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Leica M Typ 262 vs Sony HX400V

The Leica M (Typ 262) and the Sony Cyber-shot DSC-HX400V are two digital cameras that were revealed to the public, respectively, in November 2015 and February 2014. The M Typ 262 is a rangefinder-focusing mirrorless camera, while the HX400V is a fixed lens compact. The cameras are based on a full frame (M Typ 262) and a 1/2.3-inch (HX400V) sensor. The Leica has a resolution of 23.7 megapixels, whereas the Sony provides 20.2 MP.

Below is an overview of the main specs of the two cameras as a starting point for the comparison.

Headline Specifications
Leica M Typ 262
versus
Sony HX400V
Leica M Typ 262   Sony HX400V
Rangefinder camera Fixed lens compact camera
Leica M mount lenses 24-1200mm f/2.8-6.3
23.7 MP, Full Frame Sensor 20.2 MP, 1/2.3" Sensor
no Video 1080/60p Video
ISO 200-6,400 ISO 80-3,200 (80 - 12,800)
Optical viewfinder Electronic viewfinder (210k dots)
3.0 LCD, 921k dots 3.0 LCD, 921k dots
Fixed screen (not touch-sensitive) Tilting screen (not touch-sensitive)
3 shutter flaps per second 10 shutter flaps per second
Weathersealed bodynot weather sealed
139 x 80 x 42 mm, 680 g 130 x 93 x 103 mm, 660 g

Going beyond this snapshot of core features and characteristics, what are the differences between the Leica M (Typ 262) and the Sony Cyber-shot DSC-HX400V? Which one should you buy? Read on to find out how these two cameras compare with respect to their body size, their imaging sensors, their shooting features, their input-output connections, and their reception by expert reviewers.

Body comparison

The side-by-side display below illustrates the physical size and weight of the Leica M Typ 262 and the Sony HX400V. The two cameras are presented according to their relative size. Three consecutive perspectives from the front, the top, and the back are available. All width, height and depth measures are rounded to the nearest millimeter.

The M Typ 262 can be obtained in two different colors (black, silver), while the HX400V is only available in black.

Size Leica M Typ 262 vs Sony HX400V
Compare M Typ 262 versus HX400V top
Comparison M Typ 262 or HX400V rear

If the front view area (width x height) of the cameras is taken as an aggregate measure of their size, the Sony HX400V is notably larger (9 percent) than the Leica M Typ 262. It is worth mentioning in this context that the M Typ 262 is splash and dust resistant, while the HX400V does not feature any corresponding weather-sealing.

The above size and weight comparisons are to some extent incomplete and possibly misleading, as the HX400V has a lens built in, whereas the M Typ 262 is an interchangeable lens camera that requires a separate lens. Attaching the latter will add extra weight and bulk to the setup. You can compare the optics available for the M Typ 262 and their specifications in the Leica M Lens Catalog.

The adjacent table lists the principal physical characteristics of the two cameras alongside a wider set of alternatives. In case you want to display and compare another camera duo, you can use the CAM-parator app to select your camera combination among a large number of options.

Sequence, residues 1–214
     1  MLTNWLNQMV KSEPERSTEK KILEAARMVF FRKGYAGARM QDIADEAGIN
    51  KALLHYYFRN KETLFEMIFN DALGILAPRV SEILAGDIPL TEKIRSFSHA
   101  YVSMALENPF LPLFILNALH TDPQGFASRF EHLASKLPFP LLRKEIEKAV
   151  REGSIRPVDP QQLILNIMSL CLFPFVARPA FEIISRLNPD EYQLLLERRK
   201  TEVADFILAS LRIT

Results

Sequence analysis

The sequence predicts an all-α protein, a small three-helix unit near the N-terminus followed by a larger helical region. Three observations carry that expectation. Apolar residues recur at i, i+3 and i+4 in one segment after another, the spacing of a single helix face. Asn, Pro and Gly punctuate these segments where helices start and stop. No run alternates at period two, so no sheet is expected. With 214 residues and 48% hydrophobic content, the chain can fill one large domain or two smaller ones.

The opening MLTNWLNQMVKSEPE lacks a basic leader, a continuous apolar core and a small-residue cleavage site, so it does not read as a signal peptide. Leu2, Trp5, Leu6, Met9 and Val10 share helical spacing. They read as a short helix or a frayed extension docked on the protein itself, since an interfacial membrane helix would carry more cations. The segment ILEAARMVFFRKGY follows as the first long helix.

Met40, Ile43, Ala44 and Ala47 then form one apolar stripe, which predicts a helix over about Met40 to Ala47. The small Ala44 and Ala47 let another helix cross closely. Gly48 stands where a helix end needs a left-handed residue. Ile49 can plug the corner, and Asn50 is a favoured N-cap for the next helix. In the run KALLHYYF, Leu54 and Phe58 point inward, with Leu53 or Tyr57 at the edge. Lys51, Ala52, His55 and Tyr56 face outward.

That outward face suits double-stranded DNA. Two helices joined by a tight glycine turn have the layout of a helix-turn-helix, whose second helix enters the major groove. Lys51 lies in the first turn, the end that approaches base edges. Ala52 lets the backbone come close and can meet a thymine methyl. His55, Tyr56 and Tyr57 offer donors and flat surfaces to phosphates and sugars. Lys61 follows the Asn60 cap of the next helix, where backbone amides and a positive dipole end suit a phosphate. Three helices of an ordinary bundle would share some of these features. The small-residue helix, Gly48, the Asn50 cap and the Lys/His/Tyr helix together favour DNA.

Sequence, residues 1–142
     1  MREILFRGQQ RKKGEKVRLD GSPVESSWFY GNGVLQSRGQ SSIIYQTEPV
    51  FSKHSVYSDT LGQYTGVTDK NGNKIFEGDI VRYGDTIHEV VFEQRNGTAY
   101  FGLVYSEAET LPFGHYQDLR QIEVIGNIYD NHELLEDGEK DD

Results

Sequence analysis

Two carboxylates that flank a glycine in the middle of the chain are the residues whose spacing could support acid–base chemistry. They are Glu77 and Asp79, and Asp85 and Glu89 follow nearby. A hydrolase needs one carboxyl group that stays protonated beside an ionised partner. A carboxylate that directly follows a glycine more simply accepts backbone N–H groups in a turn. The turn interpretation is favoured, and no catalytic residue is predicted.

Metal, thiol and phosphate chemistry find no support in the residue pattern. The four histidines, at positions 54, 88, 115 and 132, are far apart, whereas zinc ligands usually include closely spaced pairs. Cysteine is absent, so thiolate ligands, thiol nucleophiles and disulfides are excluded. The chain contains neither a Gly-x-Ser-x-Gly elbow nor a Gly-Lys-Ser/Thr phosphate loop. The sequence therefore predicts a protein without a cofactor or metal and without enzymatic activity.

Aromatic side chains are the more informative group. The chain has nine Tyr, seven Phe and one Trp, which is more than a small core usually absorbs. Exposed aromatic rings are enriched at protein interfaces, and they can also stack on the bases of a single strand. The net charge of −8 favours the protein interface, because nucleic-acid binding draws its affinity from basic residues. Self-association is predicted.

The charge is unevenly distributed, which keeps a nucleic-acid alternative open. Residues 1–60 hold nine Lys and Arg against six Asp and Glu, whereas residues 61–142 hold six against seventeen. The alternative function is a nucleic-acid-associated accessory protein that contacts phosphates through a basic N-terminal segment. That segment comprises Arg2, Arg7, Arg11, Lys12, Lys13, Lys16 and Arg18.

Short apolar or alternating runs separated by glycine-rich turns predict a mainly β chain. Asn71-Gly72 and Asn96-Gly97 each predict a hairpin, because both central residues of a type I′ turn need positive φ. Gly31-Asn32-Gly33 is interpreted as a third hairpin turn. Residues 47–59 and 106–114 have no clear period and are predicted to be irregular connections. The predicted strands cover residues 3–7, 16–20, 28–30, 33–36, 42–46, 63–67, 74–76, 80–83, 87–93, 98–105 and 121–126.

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Body Specifications
    Camera
Model
Camera
Width
Camera
Height
Camera
Depth
Camera
Weight
Battery
Life
Weather
Sealing
Camera
Launch
Launch
Price (USD)
Street
Price
1.
 
Leica M Typ 262 139 mm 80 mm 42 mm 680 g .. Y Nov 2015 5,195i
2.
 
Sony HX400V 130 mm 93 mm 103 mm 660 g 300 n Feb 2014 499 i
3.
 
Canon 1D X Mark II 158 mm 168 mm 83 mm 1530 g 1210 Y Feb 2016 5,999i
4.
 
Canon SX60 128 mm 93 mm 114 mm 650 g 340 n Sep 2014 549i
5.
 
Leica M10-R 139 mm 80 mm 39 mm 660 g 210 Y Jul 2020 8,295 i
6.
 
Leica Q2 130 mm 80 mm 92 mm 718 g 370 Y Mar 2019 4,995 i
7.
 
Leica M-E Typ 240 139 mm 80 mm 42 mm 680 g .. Y Jun 2019 3,999 i
8.
 
Leica M10-P 139 mm 80 mm 39 mm 660 g 210 Y Aug 2018 7,995 i
9.
 
Leica M10 139 mm 80 mm 39 mm 660 g 210 Y Jan 2017 6,595 i
10.
 
Leica Q Typ 116 130 mm 80 mm 93 mm 640 g 300 n Jun 2015 4,249i
11.
 
Leica SL 147 mm 104 mm 39 mm 847 g 400 Y Oct 2015 7,450i
12.
 
Leica M Typ 240 139 mm 80 mm 42 mm 680 g .. Y Sep 2012 6,950i
13.
 
Nikon D750 141 mm 113 mm 78 mm 750 g 1230 Y Sep 2014 2,299i
14.
 
Sony HX350 130 mm 93 mm 103 mm 652 g 300 n Dec 2016 449 i
15.
 
Sony HX90V 102 mm 58 mm 36 mm 245 g 360 n Apr 2015 429 i
16.
 
Sony H400 130 mm 95 mm 122 mm 628 g 300 n Feb 2014 319 i
17.
 
Sony H300 128 mm 89 mm 92 mm 590 g 350 n Feb 2014 219 i
Notes: Measurements and pricing do not include easily detachable parts, such as add-on or interchangeable lenses or optional viewfinders.

The price is, of course, an important factor in any camera decision. The listed launch prices provide an indication of the market segment that the manufacturer of the cameras have been targeting. The HX400V was launched at a lower price than the M Typ 262, despite having a lens built in. Usually, retail prices stay at first close to the launch price, but after several months, discounts become available. Later in the product cycle and, in particular, when the replacement model is about to appear, further discounting and stock clearance sales often push the camera price considerably down. Then, after the new model is out, very good deals can frequently be found on the pre-owned market.

Sensor comparison

The size of the imaging sensor is a crucial determinant of image quality. A large sensor will generally have larger individual pixels that offer better low-light sensitivity, provide wider dynamic range, and have richer color-depth than smaller pixels in a sensor of the same technological generation. Moreover, a large sensor camera will give the photographer more control over depth-of-field in the image and, thus, the ability to better isolate a subject from the background. On the downside, larger sensors tend to be more expensive and lead to bigger and heavier cameras and lenses.